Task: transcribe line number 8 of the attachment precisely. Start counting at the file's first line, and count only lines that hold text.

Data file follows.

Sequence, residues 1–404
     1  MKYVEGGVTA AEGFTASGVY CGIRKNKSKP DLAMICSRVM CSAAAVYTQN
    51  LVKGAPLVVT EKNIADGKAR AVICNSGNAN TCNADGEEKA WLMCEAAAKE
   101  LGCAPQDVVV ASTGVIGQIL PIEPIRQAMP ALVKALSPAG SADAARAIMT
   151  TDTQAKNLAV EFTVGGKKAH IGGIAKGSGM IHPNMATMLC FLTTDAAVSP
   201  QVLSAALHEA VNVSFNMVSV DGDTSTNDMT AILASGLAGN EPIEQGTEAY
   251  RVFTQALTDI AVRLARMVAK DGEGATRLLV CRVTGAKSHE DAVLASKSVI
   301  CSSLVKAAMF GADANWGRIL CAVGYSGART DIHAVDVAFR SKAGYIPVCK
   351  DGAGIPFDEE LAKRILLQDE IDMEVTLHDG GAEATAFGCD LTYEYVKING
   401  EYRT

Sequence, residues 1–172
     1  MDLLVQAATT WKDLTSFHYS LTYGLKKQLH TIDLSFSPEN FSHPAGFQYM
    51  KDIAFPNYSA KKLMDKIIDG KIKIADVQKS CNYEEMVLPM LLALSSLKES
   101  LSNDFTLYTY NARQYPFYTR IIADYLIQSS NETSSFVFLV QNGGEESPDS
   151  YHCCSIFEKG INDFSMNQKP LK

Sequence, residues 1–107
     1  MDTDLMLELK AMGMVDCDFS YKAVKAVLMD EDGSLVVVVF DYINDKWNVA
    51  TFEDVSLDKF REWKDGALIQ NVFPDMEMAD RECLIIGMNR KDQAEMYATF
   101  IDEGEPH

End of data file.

   301  CSSLVKAAMF GADANWGRIL CAVGYSGART DIHAVDVAFR SKAGYIPVCK